Python "is" behavior

George Sakkis george.sakkis at gmail.com
Fri Jun 20 19:07:56 CEST 2008


On Jun 20, 12:45 pm, michalis.avr... at gmail.com wrote:
> On Jun 20, 9:42 am, George Sakkis <george.sak... at gmail.com> wrote:
>
>
>
> > On Jun 20, 12:31 pm, michalis.avr... at gmail.com wrote:
>
> > > I am not certain why this is the case, but...
>
> > > >>> a = 256
> > > >>> b = 256
> > > >>> a is b
>
> > > True
>
> > > >>> a = 257
> > > >>> b = 257
> > > >>> a is b
>
> > > False
>
> > > Can anyone explain this further? Why does it happen? 8-bit integer
> > > differences?
>
> > No, implementation-dependent optimization (caching). For all we know,
> > the next python version may cache up to 1024 or it may turn off
> > caching completely; do not rely on it. More generally, do not use 'is'
> > when you really mean '=='.
>
> > George
>
> Thank you George. I am very curious about some of these internal
> Python things that I keep stumbling upon through friends. And thank
> you for all the help!

As far it's plain curiosity it's ok, but it's a small implementation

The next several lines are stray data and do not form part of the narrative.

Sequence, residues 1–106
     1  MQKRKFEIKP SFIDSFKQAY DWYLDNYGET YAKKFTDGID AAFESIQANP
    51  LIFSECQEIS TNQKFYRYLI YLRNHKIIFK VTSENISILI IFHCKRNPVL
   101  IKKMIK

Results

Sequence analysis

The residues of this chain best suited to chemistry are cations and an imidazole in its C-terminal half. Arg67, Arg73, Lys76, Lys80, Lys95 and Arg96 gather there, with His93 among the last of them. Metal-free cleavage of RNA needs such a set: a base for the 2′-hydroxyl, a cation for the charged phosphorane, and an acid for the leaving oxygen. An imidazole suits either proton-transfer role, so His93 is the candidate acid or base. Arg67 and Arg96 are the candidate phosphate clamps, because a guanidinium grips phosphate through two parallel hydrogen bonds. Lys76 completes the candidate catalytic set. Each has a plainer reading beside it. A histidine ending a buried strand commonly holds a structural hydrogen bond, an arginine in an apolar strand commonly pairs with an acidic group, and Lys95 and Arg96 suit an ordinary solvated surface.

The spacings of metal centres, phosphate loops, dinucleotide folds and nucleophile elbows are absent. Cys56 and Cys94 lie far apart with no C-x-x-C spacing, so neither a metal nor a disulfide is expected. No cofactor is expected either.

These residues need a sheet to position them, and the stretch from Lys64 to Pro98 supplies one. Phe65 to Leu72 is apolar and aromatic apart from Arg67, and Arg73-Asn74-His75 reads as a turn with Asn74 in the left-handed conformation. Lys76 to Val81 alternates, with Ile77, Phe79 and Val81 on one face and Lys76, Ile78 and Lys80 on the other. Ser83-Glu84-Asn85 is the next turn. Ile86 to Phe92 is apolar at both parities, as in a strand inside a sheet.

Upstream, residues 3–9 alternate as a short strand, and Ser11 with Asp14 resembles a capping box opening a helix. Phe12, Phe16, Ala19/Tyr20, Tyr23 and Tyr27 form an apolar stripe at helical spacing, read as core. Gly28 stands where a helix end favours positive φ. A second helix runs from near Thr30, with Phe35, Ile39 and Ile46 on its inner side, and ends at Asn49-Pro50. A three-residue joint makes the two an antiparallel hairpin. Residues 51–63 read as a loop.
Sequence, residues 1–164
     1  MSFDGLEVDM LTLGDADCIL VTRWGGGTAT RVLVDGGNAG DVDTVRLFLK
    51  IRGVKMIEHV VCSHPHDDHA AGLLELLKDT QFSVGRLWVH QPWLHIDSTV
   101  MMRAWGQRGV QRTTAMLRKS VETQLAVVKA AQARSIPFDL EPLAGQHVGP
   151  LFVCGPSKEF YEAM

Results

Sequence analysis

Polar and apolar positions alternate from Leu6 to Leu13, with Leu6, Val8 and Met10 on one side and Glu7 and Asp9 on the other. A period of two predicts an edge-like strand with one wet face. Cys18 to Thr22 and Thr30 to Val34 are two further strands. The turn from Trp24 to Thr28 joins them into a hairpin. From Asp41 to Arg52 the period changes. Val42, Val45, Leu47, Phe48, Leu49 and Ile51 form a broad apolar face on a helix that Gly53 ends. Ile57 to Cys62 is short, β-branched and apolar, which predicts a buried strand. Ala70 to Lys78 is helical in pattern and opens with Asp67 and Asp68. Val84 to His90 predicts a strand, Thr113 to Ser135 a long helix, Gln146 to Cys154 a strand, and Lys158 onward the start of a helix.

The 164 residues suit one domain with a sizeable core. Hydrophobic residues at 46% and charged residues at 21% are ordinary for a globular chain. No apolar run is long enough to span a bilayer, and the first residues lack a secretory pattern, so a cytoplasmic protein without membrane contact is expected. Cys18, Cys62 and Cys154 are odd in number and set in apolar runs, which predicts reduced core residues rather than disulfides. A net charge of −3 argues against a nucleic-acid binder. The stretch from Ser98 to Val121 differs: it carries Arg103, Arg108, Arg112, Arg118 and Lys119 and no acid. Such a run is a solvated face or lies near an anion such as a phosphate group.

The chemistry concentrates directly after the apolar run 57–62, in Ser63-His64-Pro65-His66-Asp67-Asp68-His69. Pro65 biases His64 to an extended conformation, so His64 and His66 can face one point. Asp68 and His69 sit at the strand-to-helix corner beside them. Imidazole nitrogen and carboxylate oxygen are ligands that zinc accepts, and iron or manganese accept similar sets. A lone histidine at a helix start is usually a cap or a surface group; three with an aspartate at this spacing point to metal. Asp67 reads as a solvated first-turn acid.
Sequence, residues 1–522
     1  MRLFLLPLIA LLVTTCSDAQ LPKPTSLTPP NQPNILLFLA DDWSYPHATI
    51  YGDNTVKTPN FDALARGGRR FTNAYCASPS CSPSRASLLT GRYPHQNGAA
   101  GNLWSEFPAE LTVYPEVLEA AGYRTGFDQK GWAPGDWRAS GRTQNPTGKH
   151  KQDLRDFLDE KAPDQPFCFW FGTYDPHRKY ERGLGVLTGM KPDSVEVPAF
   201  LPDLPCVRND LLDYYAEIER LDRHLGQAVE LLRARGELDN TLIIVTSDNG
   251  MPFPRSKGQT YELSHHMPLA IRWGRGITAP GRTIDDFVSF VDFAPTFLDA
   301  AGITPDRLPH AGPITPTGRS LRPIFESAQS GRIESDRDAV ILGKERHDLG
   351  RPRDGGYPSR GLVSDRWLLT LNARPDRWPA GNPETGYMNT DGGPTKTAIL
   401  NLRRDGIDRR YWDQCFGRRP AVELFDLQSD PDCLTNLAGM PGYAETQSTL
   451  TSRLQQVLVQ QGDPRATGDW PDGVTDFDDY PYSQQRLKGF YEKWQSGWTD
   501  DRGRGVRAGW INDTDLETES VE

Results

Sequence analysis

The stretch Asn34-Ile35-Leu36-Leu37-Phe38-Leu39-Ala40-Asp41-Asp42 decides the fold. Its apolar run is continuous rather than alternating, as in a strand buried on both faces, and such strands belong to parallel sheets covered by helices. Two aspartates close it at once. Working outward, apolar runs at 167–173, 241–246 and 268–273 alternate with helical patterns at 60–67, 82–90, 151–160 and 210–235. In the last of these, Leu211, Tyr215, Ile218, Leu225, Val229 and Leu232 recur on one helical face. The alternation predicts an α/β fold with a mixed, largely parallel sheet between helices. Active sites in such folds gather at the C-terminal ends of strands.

detail you shouldn't rely on. There's nothing magic about 256, just
the size decided for 2.5. If you tried it on 2.4 you'd get:

Python 2.4.2 (#1, Mar  8 2006, 13:24:00)
[GCC 3.4.4 20050721 (Red Hat 3.4.4-2)] on linux2
Type "help", "copyright", "credits" or "license" for more information.
>>> a=99
>>> b=99
>>> a is b
True
>>> a=100
>>> b=100
>>> a is b
False

I was more surprised by the following:

Python 2.5.1 (r251:54863, May  8 2007, 14:46:30)
[GCC 3.4.6 20060404 (Red Hat 3.4.6-3)] on linux2
Type "help", "copyright", "credits" or "license" for more information.
>>> a= 123456; b=123456; a is b
True

For some reason, stacking multiple statements reuses the same object.

George



More information about the Python-list mailing list